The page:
Powerful, ruggedly-skinned, and armed with fearsome-looking horns, rhinos look anything but fragile and vulnerable. But the mighty rhinoceros is again facing a very bleak future, at the hands of increasingly-organized poaching gangs. They have ramped up their rhino-killing rampage in the last few years, as horn prices have soared. Booming demand for rhino horn in Asia, stoked up by false claims of its medicinal benefits, have made the rhino's horn worth its weight in gold - fueling a ferocious assault on these symbols of the savanna.
But the rhino, and those who love these mighty pachyderms, are fighting back. South Africa is taking a tough stance on the rhino-poaching gangs, meeting with some success. And World Rhino Day 2011, taking place on the 22nd of September, hopes to drive home the message - horns are for rhinos, not for fake medicines. This will be the second outing for World Rhino Day, aimed at raising awareness globally of the plight of the 5 remaining rhino species.Last years event was a noisy and successful affair, with those concerned about the fate of the rhino urged to toot on their vuvuzelas - or nearest equivalent noise-making horn - so helping to put pressure on governments to act. And act they did - the South African army deployed a brigade to protect rhino around the Kruger National Park, at a time when rhino were being killed in numbers unprecedented for a decade.
Poachers given bloody nose
The number of rhinos being killed in South Africa rocketed from 15 per year, at the start of the millennium, to 83 in 2008, 122 in 2009 and 330 in 2010. Although this year has got off to a bloody start - with 193 rhinos felled for their horns - the arrival of 165 soldiers of the 21 South African Infantry Battalion in March has had a big impact.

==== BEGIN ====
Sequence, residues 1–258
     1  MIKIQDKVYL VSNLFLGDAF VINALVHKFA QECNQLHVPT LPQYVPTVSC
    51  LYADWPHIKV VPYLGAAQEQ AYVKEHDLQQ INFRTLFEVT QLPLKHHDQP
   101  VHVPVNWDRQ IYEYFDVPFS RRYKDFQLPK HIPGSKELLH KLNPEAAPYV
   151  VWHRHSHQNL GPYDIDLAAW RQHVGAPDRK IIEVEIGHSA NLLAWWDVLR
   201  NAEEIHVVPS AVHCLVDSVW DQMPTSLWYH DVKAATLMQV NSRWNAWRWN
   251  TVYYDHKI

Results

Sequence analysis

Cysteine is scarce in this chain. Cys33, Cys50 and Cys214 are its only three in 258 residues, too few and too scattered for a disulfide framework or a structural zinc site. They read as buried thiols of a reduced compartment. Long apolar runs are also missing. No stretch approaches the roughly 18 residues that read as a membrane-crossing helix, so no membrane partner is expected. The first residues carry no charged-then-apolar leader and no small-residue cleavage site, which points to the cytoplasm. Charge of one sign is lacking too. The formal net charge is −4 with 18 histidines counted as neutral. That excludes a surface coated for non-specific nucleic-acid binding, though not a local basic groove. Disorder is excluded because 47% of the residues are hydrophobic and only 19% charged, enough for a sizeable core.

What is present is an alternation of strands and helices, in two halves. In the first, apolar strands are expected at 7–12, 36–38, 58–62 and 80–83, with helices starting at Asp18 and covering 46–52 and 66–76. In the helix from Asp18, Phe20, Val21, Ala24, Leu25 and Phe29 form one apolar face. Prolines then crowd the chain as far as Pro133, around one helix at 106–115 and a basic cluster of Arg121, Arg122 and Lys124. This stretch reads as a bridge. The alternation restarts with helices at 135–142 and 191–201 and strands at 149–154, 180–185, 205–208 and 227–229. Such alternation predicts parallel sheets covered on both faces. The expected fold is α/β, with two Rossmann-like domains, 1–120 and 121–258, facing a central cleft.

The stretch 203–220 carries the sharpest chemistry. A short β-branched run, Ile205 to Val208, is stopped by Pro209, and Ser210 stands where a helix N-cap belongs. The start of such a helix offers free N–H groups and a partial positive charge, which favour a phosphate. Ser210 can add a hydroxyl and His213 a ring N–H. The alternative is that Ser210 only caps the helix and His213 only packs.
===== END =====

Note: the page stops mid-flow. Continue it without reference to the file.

In the last 3 months, rhino poaching incidents have fallen to 30 in April, 15 in May and just 2 in June. Despite this initial local success, the threat to rhinos is unlikely to remain at bay for long. Zimbabwe is also experiencing a traumatic rise in rhino poaching, and with the huge amounts of money to be made from rhino horn, it is likely to propel rhino poaching into more organized and violent forms.
Raise a racket for rhinos
So ultimately, the solution to the rhino crisis - there are just 4,800 black rhinos left in the world - lies with tackling the demand for rhino horn, especially in the traditional medicine markets of Vietnam and China. That is why SavingRhinos, the conservation group kicking off World Rhino Day this year, is focusing much of its activities on awareness and education. T-shirts, videos and pamphlets under the slogans 'My horn is NOT medicine' and 'Bust the Myth - Save the Species' are available in both Mandarin and Vietnamese.
The PARC in Chitwan National Park in Nepal is also planning events for the day, to make a noise for the rhino; and TRAFFIC SE Asia, part of the WWF-sponsored wildlife trade monitoring network, is will include rhinos in its program throughout September. So if you want to do your bit to blow the horn for rhinos, a Facebook event page has been set up by the Chishakwe ranch, prominent in rhino conservation in Zimbabwe. And mark the 22nd September as a date to raise a racket.
Top Image Credit: Rhino family with 2 calves, Kruger NP, South Africa © gallas